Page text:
I'm thinking about applying to a PhD program in computer science this coming December and I'm wondering a couple things about getting letters of recommendation.

For some background, I have a BS and a thesis MS in computer science, and I've been working in industry for a while now, but not that long.

I did a lot of work with my fellow graduate students while getting my masters and I think that, other than my advisor, they are in the best position to write a letter of recommendation for me. They have all graduated with PhDs and are now working as professors themselves. However I'm not sure if having my former fellow students write letters of recommendation would seem appropriate to a graduate committee. What do you all think?

2 Answers 2


When I started reading, I already thought about how to answer "no", because I was thinking of other students writing recommendations. If, however, they themselves are already professors, they should have some academic reputation with which they can vouch for you. Thus, I would suggest the following steps:

1) Ask them what they think about it and let them send the letters to you first.

2) Ask other people, e.g. your advisor from back then, contacts in the field, maybe even a contact in a graduate committee you know but don't plan on applying to.

3) Get "enough" recommendations to not depend on your former colleagues to much, so that you have the desired number of letters (some PhD programs post such numbers online) and these are but add-ons. As you have been working, and this working time was long enough for your fellow students to get a position as a professor, you might need to explain why you apply for a PhD just now, why you didn't so before and why you don't just stay in the industry. As this is rather important, I put an extra number for it:

4) Get recommendations from your current industry job to show that you are not (only^^) applying for a PhD because you want out of the company or lost your job, but rather because you want to learn, study, better yourself. One or two superiors at your current work place, stating that they advise on you getting a PhD (as you show the necessary skills, etc.) might be just as convincing as your former advisor. If possible, take supervisors who themselves hold PhDs and make sure that they sign as something like "Mr XXX, senior YYY at ZZZ, PhD in ... from ..." to show that they are able to judge your capability and the usefulness for you to get a PhD.

So long story short, I would if possible get letters from your advisor and from your current job. The former colleagues could be a nice addition to that, but I would not put the main focus on them if possible.

  • 1
    Note that some programs (I know many examples in the US) might prefer that you do not know the contents of the recommendation letters. Commented Apr 27, 2017 at 7:32
  • I get three letters, exactly three. My advisor will certainly be one of the three, but I'm on the fence about getting someone from the management chain to write one. I think my manager certainly would, but no one in my management chain has a PhD. Some of my colleagues have PhDs, but I would think that if I'm getting a letter from work that it should be from a manager or someone higher up than me.
    – Ethan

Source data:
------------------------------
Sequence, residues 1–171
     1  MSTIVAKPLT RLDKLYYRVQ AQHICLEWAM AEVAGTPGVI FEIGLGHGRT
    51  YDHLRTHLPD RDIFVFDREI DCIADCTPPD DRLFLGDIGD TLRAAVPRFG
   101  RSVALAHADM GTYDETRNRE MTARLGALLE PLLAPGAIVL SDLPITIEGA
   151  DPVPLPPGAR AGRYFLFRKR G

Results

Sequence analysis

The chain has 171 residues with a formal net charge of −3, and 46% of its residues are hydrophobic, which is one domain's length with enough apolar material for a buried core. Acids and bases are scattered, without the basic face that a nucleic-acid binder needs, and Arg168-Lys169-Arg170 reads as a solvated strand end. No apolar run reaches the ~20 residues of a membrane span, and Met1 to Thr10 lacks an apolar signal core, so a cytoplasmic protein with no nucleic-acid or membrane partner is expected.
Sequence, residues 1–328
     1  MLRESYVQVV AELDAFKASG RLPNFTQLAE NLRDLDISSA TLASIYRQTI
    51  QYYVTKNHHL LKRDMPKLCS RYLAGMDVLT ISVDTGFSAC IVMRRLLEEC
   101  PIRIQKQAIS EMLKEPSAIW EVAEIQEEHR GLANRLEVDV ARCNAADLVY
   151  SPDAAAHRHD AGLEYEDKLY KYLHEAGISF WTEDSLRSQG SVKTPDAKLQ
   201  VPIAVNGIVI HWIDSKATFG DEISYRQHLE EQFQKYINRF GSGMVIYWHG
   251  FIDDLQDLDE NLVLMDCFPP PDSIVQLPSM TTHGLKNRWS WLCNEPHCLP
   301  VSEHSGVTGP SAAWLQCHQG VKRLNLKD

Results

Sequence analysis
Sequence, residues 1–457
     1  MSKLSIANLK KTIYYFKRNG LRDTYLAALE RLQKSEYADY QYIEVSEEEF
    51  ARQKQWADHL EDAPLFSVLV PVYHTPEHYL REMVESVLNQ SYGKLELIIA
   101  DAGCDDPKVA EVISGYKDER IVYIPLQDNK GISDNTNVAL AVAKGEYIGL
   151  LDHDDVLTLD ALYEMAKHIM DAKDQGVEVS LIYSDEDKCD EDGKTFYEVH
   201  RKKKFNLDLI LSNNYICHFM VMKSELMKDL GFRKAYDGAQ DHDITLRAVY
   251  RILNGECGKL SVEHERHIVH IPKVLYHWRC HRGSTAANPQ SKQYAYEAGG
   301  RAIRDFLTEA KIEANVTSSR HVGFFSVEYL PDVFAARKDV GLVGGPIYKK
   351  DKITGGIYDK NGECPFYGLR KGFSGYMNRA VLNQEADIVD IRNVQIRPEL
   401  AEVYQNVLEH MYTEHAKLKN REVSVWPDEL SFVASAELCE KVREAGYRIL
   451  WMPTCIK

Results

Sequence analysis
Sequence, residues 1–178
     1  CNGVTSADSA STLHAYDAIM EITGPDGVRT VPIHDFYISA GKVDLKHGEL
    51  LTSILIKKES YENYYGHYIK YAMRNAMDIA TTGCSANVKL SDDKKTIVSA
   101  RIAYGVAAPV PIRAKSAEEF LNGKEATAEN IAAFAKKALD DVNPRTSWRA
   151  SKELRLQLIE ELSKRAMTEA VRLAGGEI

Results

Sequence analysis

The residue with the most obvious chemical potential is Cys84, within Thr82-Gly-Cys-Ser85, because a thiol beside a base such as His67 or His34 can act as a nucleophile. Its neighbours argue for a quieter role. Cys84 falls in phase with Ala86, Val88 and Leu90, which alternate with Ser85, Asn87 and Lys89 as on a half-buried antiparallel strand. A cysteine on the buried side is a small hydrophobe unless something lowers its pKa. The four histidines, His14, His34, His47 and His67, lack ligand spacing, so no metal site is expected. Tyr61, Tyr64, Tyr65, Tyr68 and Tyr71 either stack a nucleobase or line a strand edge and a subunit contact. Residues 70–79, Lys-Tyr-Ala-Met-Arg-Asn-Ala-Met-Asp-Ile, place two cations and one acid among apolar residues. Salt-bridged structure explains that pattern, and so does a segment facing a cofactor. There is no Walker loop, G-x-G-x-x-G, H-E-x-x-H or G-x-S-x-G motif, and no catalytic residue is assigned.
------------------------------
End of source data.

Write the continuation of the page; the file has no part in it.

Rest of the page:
Commented Apr 28, 2017 at 5:05

Depending upon your other possible reference letters, one such letter from a former PhD student - now professor may be a good option.

The strongest reference letters, in the eyes of a PhD admission committee, will be from someone who can personally attest to your research ability with specific examples. The length of time they have been doing research/working in the field is important as it improves their credibility and allows them to make comparative statements between you and the bulk of people they have worked with or advised. Having a well established professor saying you are among the top 5% of students they have performed research with is very powerful.

As you mentioned, your MS advisor is in the best position to give you a reference letter, and indeed his/her recommendation is critical. If you have any undergraduate research experience or involvement with outside collaborations during your MS degree, they may offer additional opportunities for recommendation letters. If your industry experience involved any research, or if your letter writer can credibly state your suitability (and is perhaps even pushing you to get your PhD as Bemte mentions), that may be another good option.

If your only other options are letters from professors you have taken classes with (when your letter will only be based on grades/class participation) or letters from work (when it will only be based on work ethic/personality), do consider a letter from a former PhD student - now professor. If you were essentially advised by this student, in a sub-project or offshoot of their thesis, it would be considerably better. Be sure, however, that you at least worked together on the same project. Be aware that generally they will only be able to discuss the same work as your MS advisor, which will further reduce the letter's impact. Do not include more than one.

  • I worked on a side-project with the PhD student I have in mind, so the project was not my MS thesis and I'm the second author on a paper of theirs on the project. So that's good to hear! I have a small follow-up question, what would make a stronger third recommendation letter, a letter from my current industry manager where research is not a part of my job at all or a letter from a professor from undergrad that I TA-ed for?
    – Ethan
    Commented Apr 28, 2017 at 3:35

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